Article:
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Why are borrowers still paying a fee to banks for pre-printed housing loan documents?


In Malaysia, most banks impose a fee for loan documents. Unbeknownst to many, this practice is actually illegal. HBA has been urging BNM to crack its whip on banks to get them to reevaluate their profit-making schemes.

© Dmitry Chulov/ 123RF

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The Bar Council’s Conveyancing Practice Committee has called out banks and said it is high time for them to review this illicit practice. Its (immediate past) chairman Datuk Roger Tan said the practice was against the law and has become a burden that consumers could do without. He said the fee was imposed on the banks’ loan documents, which borrowers sign when taking, for example – a housing loan. These documents are largely standardized documents for each bank.

“The bank’s solicitors will typically download the documents from the bank’s website and, after completing the particulars relating to the borrower and the loan, print for the borrower’s signature,” said Tan. Banks currently charge a fee for the ‘purchase’ of these documents ranging from RM100 to RM500, even though the cost of printing the documents is borne by the solicitors.

He cautioned against imposing the fees as the sale of loan documents is a breach of Section 37(2) of the Legal Profession Act 1976. That subsection states that any unauthorised person either directly or indirectly draws or prepares documents relating to any immovable property for or in expectation of any fee or gain shall be guilty of an offence under that subsection.

Unsavoury practice had been highlighted time and time again

The National House Buyers Association (HBA) concurs with the Bar Council of Malaysia’s press statement and have reported on this dilemma in 2019, but our pleas fell on deaf ears. We have always stood against the sale of loan forms.  Banks in this context refers to commercial banks, Islamic banks, other financial institutions and financial service providers. Prior to this, as early as 2013, we have written several articles on the issues related to ‘Simplified housing Loan Agreement’.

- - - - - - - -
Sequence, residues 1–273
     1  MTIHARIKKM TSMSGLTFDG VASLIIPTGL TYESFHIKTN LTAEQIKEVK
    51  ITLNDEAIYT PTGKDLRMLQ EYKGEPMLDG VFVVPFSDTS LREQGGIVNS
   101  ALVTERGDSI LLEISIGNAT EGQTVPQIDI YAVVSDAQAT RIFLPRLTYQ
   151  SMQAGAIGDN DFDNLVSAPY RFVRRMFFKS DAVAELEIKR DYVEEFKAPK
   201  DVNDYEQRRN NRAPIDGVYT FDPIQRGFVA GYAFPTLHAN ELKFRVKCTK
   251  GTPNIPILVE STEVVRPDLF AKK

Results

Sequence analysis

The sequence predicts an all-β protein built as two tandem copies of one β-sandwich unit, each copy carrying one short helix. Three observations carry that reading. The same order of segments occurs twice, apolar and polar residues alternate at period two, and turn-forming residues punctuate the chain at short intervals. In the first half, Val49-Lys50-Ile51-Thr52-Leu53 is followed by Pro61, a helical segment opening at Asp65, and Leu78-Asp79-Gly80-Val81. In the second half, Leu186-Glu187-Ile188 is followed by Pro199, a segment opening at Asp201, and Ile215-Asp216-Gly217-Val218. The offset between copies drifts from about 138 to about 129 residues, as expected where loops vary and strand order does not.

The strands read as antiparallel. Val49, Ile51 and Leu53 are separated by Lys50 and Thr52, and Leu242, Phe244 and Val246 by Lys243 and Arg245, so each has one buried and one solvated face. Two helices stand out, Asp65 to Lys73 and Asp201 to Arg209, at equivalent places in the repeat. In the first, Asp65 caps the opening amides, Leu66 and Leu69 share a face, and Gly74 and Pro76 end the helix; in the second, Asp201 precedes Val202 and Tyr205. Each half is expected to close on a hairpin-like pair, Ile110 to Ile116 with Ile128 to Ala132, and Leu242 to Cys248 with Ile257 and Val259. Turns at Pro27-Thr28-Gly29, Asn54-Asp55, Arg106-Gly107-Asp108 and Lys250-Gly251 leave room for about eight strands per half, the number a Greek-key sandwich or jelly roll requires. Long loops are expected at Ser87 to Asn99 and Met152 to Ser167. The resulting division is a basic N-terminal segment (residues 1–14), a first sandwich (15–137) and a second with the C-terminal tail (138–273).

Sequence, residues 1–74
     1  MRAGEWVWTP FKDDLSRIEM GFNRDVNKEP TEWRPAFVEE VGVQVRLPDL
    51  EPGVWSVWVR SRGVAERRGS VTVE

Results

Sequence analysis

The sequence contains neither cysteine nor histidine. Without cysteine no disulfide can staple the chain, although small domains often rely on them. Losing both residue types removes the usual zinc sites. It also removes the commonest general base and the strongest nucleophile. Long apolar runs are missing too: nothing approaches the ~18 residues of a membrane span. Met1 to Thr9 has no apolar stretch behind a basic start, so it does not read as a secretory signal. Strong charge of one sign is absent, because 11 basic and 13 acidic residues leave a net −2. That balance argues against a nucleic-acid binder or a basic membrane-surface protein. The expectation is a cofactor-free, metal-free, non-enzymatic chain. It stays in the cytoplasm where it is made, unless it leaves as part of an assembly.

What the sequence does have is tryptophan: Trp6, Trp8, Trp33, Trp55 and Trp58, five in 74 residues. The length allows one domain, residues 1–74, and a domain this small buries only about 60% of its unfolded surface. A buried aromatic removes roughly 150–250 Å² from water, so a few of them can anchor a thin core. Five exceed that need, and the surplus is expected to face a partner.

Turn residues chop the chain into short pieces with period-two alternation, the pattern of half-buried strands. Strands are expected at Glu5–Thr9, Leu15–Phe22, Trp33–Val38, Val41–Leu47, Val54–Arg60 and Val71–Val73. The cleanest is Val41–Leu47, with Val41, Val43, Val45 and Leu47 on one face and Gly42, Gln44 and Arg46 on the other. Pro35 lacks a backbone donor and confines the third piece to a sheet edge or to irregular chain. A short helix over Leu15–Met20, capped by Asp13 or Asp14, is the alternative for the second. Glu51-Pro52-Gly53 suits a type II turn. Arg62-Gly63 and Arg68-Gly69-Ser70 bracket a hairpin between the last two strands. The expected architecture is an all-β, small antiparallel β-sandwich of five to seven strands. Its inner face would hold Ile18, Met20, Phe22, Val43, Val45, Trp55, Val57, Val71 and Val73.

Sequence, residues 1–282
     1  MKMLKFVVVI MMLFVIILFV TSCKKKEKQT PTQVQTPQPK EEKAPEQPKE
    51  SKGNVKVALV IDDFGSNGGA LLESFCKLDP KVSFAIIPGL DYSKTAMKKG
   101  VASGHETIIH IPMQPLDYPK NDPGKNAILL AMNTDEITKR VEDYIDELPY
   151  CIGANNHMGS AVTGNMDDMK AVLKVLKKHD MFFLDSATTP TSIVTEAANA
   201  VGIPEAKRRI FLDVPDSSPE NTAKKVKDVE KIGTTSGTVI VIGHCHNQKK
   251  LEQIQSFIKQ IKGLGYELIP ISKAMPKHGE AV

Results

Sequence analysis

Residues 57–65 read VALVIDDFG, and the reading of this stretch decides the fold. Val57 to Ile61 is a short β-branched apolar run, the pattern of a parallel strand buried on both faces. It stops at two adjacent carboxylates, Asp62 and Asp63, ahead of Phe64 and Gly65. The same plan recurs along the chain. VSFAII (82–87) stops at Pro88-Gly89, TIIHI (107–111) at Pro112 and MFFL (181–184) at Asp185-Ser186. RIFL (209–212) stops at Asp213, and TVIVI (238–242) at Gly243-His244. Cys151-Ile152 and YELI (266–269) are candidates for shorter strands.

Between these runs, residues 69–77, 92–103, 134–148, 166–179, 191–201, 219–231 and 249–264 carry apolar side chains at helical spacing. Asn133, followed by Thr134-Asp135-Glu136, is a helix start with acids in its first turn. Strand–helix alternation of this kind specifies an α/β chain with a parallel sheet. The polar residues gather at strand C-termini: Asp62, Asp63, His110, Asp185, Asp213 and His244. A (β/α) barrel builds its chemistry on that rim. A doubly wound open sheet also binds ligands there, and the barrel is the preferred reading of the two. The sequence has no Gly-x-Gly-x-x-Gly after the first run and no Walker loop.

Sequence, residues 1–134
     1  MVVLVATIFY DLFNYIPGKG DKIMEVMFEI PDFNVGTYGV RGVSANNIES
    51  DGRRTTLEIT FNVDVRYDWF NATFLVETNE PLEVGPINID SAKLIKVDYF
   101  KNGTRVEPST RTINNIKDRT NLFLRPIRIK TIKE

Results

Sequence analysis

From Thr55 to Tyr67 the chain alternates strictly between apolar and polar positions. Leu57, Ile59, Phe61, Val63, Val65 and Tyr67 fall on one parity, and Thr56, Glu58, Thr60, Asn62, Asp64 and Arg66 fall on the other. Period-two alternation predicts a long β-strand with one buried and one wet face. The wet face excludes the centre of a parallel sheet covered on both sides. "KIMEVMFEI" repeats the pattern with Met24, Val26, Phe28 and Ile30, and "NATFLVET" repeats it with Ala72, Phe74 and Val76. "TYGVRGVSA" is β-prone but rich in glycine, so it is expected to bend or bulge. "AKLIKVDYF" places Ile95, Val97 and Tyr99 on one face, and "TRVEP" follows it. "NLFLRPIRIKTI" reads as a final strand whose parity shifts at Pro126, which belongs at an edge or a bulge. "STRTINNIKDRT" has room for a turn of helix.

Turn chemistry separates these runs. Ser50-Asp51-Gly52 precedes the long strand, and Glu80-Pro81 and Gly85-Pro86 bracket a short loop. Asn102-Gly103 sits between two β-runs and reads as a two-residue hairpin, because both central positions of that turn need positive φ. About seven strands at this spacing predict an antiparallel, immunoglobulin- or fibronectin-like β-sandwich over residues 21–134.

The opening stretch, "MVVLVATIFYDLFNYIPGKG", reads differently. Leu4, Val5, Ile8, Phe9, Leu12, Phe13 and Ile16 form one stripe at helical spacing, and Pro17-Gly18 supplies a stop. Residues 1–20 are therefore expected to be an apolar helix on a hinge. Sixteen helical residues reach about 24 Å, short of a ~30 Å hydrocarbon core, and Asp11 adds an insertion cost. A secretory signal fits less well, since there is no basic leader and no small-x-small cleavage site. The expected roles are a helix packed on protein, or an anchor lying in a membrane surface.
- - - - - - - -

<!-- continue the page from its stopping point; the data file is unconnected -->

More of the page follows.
Law firms undertaking bank’s work have to purchase standardized pre-printed forms or, typically download the documents from the bank’s portal at a fee, which ranges from RM100 to RM500. There are instances where the price is higher.

Such expenses are, of course, passed down to the borrower as disbursements, usually under the column “purchase of bank’s printed forms”. Couldn’t a soft copy be made available to law firms to adopt and print at their own cost and expense? After all, printing charges are only limited to RM50, as approved by the Bar Council.

READ: Housing loan checklist: 4 documents you need to prepare if you’re an employed person

Why are banks insisting on charging fees for home loan documents?

home loan documentation
Pricing of standard forms for both Conventional Loans and Islamic Loans. © Datuk Chang Kim Loong

In a recent meeting with PEMUDAH’s Technical Working Group on Getting Credit (TWGGC) initiated by Malaysia Productivity Corporation (MPC) on 28 April, HBA reiterated our stand on this issue.

The meeting was chaired by YBhg Dato’ Pardip Kumar Kukreja and in attendance were permanent members from the Association of Banks Malaysia (ABM), Association of Islamic Banking & Financial Institution (AIBIM), Bar Council, Malaysia, Real Estate & Housing Developers Association (REHDA) and Bank Negara Malaysia (BNM).

The bankers insisted that banks are not prohibited to charge ‘fees’ on standard loan documents. They elaborated that there are no regulations forbidding banks from doing so. If such acts are allowed, when attempting to regulate, there will be an issue of competition, as alleged by the banker. They emphasized that BNM does not have power over the Competition Act, 2010.

This statement is mind-boggling as senior Bar Council member, Datuk Roger Tan has repeatedly emphasized that it is an offence under section 37(2) of the Legal Profession Act, 1976 for any unauthorized person who either directly or indirectly draws or prepares any document or instrument relating to any immovable property, for or in expectation of any fee, gain or reward.